Maida Heatter, whose cookbooks with recipes for star-spangled banana cake, brown sugar icing and other dessert fare earned her the nickname “the Queen of Cake,” died Thursday at her home in Miami Beach. She was 102.
Her sister-in-law, Constance Heatter, who had been caring for her in recent years, confirmed her death.
Heatter (pronounced HEAT-er) had an early career as a fashion illustrator and jewelry designer before she opened a cafe, called the Inside, in Miami Beach in the 1960s. She drew the attention of Craig Claiborne, a food editor for The New York Times.
“She is hands down the foremost food authority in Florida,” Claiborne wrote in a 1968 article. The Times began featuring her recipes.
In 1974 she published “Maida Heatter’s Book of Great Desserts,” the first of a string of titles that included “Happiness Is Baking: Favorite Desserts From the Queen of Cake,” published just two months ago.
If her recipes were sinfully rich and calorie-filled, she was unapologetic. She even saw the health benefits in desserts.
“A few days ago I heard a doctor talking on television about the dangers of stress,” she wrote in “Maida Heatter’s Cookies” (1997). “It can kill you. It can cause a heart attack or a stroke. The doctor listed ways of coping with stress. Exercise. Diet. Yoga. Take a walk. I yelled, ‘Bake cookies.’
“Baking cookies is a great escape,” she added. “It’s fun. It’s happiness. It’s creative. It’s good for your health. It reduces stress.”
Maida Heatter was born Sept. 7, 1916, in Baldwin, New York, to Gabriel and Saidie (Hermalin) Heatter. Her father was a well-known radio broadcaster. Her mother instilled in her a love of cooking. She was, Heatter told Claiborne, “a most unusual woman who could do anything in the world, but cooking was her No. 1 love.”
Maida Heatter studied fashion and design at Pratt Institute in New York and saw a connection between that area of interest and cooking.
“I definitely consider it an art,” she told L.A. Weekly in 2011. “There are many similarities.”
The switch from designing to baking came in 1966, soon after she had married Ralph Daniels, her third husband.
“Just after we were married, Ralph retired and decided to open a restaurant in Miami Beach, where we were living,” she told The Times in 1995. “I volunteered to make the desserts, which turned out to be a wild success.”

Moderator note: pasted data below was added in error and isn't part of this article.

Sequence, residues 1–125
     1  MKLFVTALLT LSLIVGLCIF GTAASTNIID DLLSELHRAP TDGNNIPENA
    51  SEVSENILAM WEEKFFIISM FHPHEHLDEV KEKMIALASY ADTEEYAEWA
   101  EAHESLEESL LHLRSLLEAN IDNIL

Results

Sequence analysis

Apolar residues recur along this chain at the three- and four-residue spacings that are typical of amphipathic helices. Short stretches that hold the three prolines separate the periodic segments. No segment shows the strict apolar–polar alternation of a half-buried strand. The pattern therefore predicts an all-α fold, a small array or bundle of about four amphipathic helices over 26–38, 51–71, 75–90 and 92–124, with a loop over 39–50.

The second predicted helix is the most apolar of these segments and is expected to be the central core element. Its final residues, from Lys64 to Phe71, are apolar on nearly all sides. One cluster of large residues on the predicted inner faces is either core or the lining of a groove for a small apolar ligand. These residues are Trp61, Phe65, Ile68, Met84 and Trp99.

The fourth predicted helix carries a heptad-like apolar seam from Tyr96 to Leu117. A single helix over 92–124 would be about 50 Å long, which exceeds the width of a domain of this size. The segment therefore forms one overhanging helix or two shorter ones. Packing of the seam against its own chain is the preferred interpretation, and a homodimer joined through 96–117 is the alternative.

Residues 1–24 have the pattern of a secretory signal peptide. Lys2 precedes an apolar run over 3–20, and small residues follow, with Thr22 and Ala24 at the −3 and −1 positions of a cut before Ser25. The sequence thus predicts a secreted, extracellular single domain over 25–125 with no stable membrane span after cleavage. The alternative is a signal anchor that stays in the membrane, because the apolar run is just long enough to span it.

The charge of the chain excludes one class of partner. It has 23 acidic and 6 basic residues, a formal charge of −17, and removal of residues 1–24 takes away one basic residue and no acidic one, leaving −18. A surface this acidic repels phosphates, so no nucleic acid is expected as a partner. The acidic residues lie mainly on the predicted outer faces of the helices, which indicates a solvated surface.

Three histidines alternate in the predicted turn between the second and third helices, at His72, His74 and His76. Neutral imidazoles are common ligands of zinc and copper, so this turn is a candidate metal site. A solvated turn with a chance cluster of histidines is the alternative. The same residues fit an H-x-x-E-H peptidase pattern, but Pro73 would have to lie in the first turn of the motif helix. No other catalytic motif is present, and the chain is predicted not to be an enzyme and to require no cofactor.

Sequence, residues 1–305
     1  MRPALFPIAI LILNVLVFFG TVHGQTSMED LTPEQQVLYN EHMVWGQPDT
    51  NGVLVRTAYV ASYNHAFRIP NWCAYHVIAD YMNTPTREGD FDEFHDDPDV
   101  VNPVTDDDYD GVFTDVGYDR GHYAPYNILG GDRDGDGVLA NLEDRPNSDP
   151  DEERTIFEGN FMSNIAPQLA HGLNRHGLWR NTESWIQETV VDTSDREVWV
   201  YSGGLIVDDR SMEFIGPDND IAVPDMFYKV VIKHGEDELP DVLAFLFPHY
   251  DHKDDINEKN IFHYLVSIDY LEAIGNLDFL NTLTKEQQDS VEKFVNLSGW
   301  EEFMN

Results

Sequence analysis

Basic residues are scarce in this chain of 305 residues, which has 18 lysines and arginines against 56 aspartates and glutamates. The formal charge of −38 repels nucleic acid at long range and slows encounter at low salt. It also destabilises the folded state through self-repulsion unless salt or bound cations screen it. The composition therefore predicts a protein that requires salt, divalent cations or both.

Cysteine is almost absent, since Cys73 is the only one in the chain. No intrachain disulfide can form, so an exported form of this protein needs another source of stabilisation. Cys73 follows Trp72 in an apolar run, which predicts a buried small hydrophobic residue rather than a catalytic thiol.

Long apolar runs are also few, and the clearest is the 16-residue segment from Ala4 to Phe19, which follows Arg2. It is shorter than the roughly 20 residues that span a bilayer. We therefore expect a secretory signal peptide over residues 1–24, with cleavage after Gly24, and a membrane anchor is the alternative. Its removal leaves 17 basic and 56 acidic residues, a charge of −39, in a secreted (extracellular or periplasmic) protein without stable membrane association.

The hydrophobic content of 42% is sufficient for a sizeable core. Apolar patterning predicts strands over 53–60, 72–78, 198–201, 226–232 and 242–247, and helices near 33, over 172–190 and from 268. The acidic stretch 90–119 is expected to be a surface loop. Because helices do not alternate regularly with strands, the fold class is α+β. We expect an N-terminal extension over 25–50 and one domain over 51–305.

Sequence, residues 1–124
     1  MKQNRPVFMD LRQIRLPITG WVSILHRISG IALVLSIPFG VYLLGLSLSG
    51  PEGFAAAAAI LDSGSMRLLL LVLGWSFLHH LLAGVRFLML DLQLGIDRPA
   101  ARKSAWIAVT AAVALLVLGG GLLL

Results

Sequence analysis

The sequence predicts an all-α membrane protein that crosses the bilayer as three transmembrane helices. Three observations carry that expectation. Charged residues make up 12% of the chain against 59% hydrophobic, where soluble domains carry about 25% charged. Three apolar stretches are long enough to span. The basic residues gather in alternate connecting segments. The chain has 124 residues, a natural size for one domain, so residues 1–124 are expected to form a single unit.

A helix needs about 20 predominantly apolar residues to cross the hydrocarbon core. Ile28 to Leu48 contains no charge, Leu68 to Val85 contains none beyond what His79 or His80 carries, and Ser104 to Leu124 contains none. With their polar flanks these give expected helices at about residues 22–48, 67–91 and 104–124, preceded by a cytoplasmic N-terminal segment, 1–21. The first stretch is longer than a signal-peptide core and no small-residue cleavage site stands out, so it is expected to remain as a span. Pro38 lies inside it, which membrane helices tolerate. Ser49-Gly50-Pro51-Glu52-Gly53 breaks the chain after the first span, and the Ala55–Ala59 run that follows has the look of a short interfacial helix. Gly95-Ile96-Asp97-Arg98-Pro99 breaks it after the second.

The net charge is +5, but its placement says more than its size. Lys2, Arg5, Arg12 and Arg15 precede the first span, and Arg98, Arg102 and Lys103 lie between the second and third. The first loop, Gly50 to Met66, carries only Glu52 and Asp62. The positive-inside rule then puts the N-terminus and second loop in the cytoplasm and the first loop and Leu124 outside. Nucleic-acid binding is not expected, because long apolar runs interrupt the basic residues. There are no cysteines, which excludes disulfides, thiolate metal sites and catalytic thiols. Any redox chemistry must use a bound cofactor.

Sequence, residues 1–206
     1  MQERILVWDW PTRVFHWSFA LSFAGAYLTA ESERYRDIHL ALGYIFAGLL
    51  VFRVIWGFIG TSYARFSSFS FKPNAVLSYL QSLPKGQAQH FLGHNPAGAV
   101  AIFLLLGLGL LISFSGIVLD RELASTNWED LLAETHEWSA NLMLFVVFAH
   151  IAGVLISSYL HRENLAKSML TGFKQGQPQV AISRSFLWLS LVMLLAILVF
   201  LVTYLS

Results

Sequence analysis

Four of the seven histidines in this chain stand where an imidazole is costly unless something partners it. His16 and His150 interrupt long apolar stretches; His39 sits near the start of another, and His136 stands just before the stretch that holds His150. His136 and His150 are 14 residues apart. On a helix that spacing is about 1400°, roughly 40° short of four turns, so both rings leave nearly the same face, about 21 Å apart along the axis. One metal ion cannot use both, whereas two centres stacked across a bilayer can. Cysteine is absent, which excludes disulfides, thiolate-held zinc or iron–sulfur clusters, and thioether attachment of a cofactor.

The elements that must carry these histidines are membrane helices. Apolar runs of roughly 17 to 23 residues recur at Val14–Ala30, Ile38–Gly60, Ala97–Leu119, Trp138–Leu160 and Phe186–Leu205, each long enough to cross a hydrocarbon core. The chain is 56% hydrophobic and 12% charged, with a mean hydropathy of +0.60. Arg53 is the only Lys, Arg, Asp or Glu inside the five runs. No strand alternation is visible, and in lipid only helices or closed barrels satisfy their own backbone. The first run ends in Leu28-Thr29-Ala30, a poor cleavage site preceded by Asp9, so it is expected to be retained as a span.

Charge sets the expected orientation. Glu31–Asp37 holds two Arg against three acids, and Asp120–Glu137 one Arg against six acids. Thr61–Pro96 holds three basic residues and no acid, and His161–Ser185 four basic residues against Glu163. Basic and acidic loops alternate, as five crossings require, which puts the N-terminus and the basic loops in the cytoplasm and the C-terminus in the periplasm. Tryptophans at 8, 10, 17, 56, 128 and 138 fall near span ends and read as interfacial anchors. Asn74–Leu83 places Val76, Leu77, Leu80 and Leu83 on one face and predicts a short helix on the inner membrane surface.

She was not a culinary professional, which she thought worked to her advantage.
“I had no training, so I wasn’t bound by any rules,” she said. “But I did think that every problem had a solution.”
The catalyst for her cookbook-writing career may have not been a dessert but an omelet. In 1968, the Republican National Convention was held in Miami Beach, and Heatter had the idea of offering an elephant omelet (with actual elephant meat) as a promotional stunt. That seems to have been what drew Claiborne to her restaurant. His 1968 article started out talking about the omelet, but by its end he was focusing on her bittersweet chocolate mousse and her signature Queen Mother Cake.
It was Claiborne who eventually urged her to collect her recipes into a cookbook — although, as he noted in 1974, when “The Book of Great Desserts” came out, a last-minute glitch had Heatter scrambling.
“Shortly after receiving a letter of acceptance from her publisher,” Claiborne wrote, “a stove‐repair man arrived at Maida’s home and discovered that the oven temperature was almost 25 degrees awry.” She had tested her recipes on that stove; she had to redo her handwritten manuscript to adjust the numbers.
Heatter’s books were full of tips as well as recipes.
“Glass or plastic measuring cups with the measurements marked on the side and the 1-cup line below the top are only for measuring liquids,” she wrote in “Maida Heatter’s Book of Great Chocolate Desserts,” first published in 1980. “Do not use them for flour or sugar.”
That book included a recipe for what she called “September 7th Cake.”